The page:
12 Songs That Perfectly Capture The Halloween Mood, According To LEO’s Staff

Does Halloween jam? 

Well if you’ve listened to the songs that are the usual fare of Halloween, you may be split on that sentiment, but we’re here to let you know that despite this year’s Top 10 Halloween songs, LEO has a list of true Halloweens songs that are worth listening to in the spirit of all that is funky, spooky, dark and dreary. 

Let’s start with the usual suspects so that you know where we’re not coming from. 

According to Play Like Mum, the top 10 Halloween songs (from the 200 Halloween playlists they reviewed) are: 

  1. “Monster Mash” – Bobby ‘Boris’ Pickett
  2. “Thriller” – Michael Jackson
  3. “This Is Halloween” – The Citizens of Halloween
  4. “Ghostbusters” – Ray Parker Jr.
  5. “I Put a Spell On You” – Screamin’ Jay Hawkins
  6. “Somebody’s Watching Me” – Rockwell
  7. “(Don’t Fear) The Reaper” – Blue Öyster Cult
  8. “Spooky, Scary Skeletons” – Andrew Gold
  9. “Disturbia” – Rihanna
  10. “Halloween Theme – Main Title” – John Carpenter
  11. “Seasons of the Witch” – Donovan

Not bad songs, some classics but look, we don’t like to give you the same old thing, so for LEO’s editorial team, here are our favorite Halloween songs. 

Scott Recker (Editor-in-Chief and resident music fiend)

Venus In Furs’ — The Velvet Underground 
John Cale essentially turning an electric viola into a weapon + Lou Reed’s awkward, yet piercing guitar tuning and distant vocals + Mo Tucker and Sterling Morrison’s slow, rhythm-section march + the S&M source material = one of the most intense songs of all time.

Halloween Theme’ — John Carpenter
Here’s a reminder that John Carpenter not only directed the original, incredibly-influential  “Halloween” film, he also composed the iconic soundtrack — a major aspect of how frightening the movie is. This one is on the mainstream list for best Halloween songs, but you basically have to include it. 

Electric Funeral’ — Black Sabbath
A quintessentially spooky song from the quintessentially spooky band, “Electric Funeral” is an ominous masterpiece, and a truly chilling, winding and strange track. Every member sounds so evil.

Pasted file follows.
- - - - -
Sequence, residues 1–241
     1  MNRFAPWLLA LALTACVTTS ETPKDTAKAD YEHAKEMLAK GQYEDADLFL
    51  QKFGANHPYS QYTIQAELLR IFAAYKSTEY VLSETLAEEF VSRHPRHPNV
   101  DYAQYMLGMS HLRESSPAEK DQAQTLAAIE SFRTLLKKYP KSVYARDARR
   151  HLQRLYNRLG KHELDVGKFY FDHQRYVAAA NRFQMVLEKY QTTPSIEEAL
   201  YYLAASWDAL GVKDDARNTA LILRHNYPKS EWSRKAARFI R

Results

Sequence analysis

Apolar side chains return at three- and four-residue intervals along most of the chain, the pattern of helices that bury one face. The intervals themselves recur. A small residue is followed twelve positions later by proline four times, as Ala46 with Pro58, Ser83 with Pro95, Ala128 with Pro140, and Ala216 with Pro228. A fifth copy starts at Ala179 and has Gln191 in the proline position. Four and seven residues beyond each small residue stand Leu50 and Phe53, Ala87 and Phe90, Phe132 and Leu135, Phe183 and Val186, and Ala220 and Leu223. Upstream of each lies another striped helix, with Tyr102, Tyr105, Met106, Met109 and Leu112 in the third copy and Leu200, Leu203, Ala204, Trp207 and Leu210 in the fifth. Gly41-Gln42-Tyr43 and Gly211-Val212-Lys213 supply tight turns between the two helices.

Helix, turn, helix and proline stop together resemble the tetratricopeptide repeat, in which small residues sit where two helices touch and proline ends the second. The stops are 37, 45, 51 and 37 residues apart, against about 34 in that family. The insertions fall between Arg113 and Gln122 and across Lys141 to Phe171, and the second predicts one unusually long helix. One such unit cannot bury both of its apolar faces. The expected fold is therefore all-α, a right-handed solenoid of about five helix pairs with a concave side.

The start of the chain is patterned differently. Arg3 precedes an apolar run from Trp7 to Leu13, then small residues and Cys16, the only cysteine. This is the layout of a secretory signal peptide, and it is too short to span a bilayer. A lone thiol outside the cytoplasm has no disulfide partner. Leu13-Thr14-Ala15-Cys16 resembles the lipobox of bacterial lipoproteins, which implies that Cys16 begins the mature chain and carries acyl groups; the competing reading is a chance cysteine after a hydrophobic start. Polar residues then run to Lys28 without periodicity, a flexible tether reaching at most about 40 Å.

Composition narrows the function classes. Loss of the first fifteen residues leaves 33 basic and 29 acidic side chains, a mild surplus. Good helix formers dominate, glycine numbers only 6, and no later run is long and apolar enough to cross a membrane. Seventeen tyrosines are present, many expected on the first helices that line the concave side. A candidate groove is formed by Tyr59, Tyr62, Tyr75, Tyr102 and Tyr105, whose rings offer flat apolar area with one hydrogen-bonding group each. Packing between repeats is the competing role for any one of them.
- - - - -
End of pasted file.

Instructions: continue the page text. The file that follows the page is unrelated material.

Danielle Grady (Digital Editor): 

Make Worry For Me’ – Matt Sweeney & Bonnie ‘Prince’ Billy
Louisville songwriter Bonnie ‘Prince’ Billy’  teams up with Skunk guitarist Matt Sweeney for a track that LEO previously called “an eerie and foreboding song that seems plucked out of a horror movie.”

Ode to Sleep’ – Twenty One Pilots
A struggle between dark and light. Which will win? Good for reformed pop-punk kids.

Zombie’ – The Cranberries 
The best song for your Halloween party playlist.

Erica Rucker (I’m the A&E Editor so yes, my list is a little extra): 

Wuthering Heights’ – Kate Bush
Kate Bush retells the ghost story of Emily Brontë’s “Wuthering Heights” characters, Cathy and Heathcliff.

Monster’ – The Bar Kays
Um, Halloween is my favorite holiday so it should jam. This song was recorded in 1975 and released in 1978 by Stax Records’ new owners, Fantasy Records. By this time The Bar Kays were on to bigger things with Mercury Records. 

Boogie Man’ – Gnarls Barkley
I hope you caught them when they were here, but this song is here to satisfy you if you didn’t. Fighting with one’s ego is tough, here, Gnarls Barkley explores trying to kill the monster of ego but finds out that it’s a tough job. 

Maggot Brain’ – Funkadelic
Eddie Hazel lit this shit up. That’s all. That’s the comment. 

Everyday is Halloween’ – Ministry
It’s Ministry; It’s got a groove. So, look around you. Every day IS Halloween and it isn’t the people with funny colored hair or weird clothes. 

Zombie’ – Fela Kuti
Bottom line, it cooks. The danger of the “zombies” is as great as the danger of corrupt leaders. 

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About the Author

12 Songs That Perfectly Capture The Halloween Mood, According To LEO’s Staff

Erica Rucker is LEO Weekly’s Arts & Entertainment Editor. In addition to her work at LEO, she is a haphazard writer,  photographer, tarot card reader, and fair to middling purveyor of motherhood. Her earliest memories are of telling stories to her family and promising that the next would be shorter than the first. They never were. You can follow Erica on Twitter, but beware of honesty, overt blackness and occasional geeky outrage.


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